Category Archives: Best Documentary
Inside Job won the Best Documentary award at last year’s Oscars over such notables as Restrepo and Exit Through the Gift Shop. I was surprised when it won, because I have never heard of the movie until it won. Like most documentaries, it was not played in regular theaters during 2010. Watching this movie made me angry that people are profiting over other’s suffering.
Writer/director Charles Ferguson takes a pointed look at the genesis of the economic meltdown in 2008 that lead to the recession that the world is now under. Matt Damon narrates all the keys components of how greed would drive people to do dangerous things that affect peoples’ jobs, homes and life savings.
It all stems from the deregulation of banks which have destroyed the way that they are being run. If there are no regulations on loans, then the head honchos wouldn’t gobble up private banks like a midnight snacks to grow bigger and bigger. Banks have borrowed money from the people who they serve to spend it on themselves, fellow business partners and their friends.
During that faithful days of September 15, 2008, Lehman Bros and AIG filed for bankruptcy. They knew that their clock was ticking down months before everything turned to shit. Nothing was being done about it. There were insiders that predicted the way that Wall Street conducted their business practices would result in an economic collapse of global proportions three years before it happened.
When the banks collapsed, trillions of dollars were lost, unemployment tripled, people lost their houses, and the top CEOs are ranking in millions of dollars to live off of it. Some of the people that were responsible for the collapse are currently serving under the current administration to help with the crisis.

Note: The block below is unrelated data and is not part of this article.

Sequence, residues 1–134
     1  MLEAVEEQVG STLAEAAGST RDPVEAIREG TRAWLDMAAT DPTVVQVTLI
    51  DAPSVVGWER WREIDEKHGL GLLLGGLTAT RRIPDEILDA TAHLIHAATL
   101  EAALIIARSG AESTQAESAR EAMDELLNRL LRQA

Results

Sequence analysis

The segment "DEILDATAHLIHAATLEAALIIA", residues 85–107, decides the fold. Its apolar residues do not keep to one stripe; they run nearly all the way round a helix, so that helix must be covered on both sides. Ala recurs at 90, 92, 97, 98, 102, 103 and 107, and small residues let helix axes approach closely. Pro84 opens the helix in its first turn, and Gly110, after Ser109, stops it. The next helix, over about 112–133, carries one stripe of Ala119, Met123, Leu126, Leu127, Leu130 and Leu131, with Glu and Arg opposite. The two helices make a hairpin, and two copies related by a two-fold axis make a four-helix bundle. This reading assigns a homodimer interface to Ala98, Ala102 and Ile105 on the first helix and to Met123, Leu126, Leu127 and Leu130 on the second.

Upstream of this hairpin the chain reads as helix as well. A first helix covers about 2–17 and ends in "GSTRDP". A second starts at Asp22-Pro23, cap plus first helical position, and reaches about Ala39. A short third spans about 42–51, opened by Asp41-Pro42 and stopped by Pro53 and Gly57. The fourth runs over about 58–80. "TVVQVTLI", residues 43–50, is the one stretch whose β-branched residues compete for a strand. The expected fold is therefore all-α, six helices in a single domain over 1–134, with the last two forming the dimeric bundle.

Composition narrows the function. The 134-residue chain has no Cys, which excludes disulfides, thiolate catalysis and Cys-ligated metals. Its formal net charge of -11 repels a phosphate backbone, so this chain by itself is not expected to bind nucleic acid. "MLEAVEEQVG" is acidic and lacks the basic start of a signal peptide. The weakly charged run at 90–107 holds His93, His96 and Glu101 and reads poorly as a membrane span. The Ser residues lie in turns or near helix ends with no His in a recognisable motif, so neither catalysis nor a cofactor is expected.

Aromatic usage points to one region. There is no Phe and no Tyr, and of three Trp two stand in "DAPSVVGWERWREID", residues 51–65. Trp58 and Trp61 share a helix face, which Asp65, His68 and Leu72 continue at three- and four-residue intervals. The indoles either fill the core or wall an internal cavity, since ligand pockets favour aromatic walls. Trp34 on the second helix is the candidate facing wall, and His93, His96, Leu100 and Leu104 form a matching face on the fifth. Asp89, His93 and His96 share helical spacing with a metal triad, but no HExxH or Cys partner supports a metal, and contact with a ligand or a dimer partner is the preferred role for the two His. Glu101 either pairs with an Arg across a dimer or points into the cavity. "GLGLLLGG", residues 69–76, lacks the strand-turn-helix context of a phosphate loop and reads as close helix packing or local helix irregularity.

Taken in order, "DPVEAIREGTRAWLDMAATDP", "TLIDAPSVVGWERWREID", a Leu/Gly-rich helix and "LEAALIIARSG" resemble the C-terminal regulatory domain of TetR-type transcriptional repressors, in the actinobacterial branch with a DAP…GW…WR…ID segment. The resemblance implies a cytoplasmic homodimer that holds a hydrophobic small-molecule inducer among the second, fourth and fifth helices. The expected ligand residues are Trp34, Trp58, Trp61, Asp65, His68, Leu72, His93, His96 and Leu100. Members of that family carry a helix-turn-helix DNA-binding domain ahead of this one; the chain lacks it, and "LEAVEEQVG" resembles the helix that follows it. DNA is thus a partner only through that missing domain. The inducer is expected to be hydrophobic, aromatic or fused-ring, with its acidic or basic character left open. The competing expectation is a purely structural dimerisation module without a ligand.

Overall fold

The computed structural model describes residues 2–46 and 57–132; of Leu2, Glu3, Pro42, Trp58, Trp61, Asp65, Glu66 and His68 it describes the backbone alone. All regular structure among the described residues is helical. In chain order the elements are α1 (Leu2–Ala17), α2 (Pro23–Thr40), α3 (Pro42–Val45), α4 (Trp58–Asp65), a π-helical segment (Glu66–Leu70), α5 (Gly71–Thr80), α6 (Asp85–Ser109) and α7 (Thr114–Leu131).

It pisses me off that people could be so greedy and heartless that they would break the law or sense of mortality to stay rich. It boggles the mind that they are people struggling to sustain themselves that there are people who were responsible for it and have not been brought up on charges.
Judgment: If you have affected by the recession in any way, you must see this movie.
The Cove is a movie that has been getting a lot of critical acclaim in all the various film critic circles. This documentary may be in contention of winning the Oscar this year. I heard some blurbs about what the central story is but I want to be surprised about what I saw. I didn’t read any review, see the trailer or anything. I went into the documentary fresh, but the result is a heart-wrenching that makes you want to take immediate action.
Documentarian Louie Psihoyos wants the take the world on a journey that few have thread. He is the co-founder of the Oceanic Preservation Society with Jim Clark that funded this film. They are concerned about the state of the oceans and how they are deteriorating.
Louie is fascinated by Ric O’Barry, an outspoken dolphin advocate from the Earth Island Institute that is hated among his peers against speaking about a ritual in Japan that locals have known for centuries which is considered inhumane by most. There is a place where over 23,000 dolphins are brought in be slaughtered for food. Even though, most experts stress that dolphin meat contains high levels of mercury, the practice was still being done. Nobody in other cities in Japan know about the killings talking place in Taiji. They are horrified to hear the news.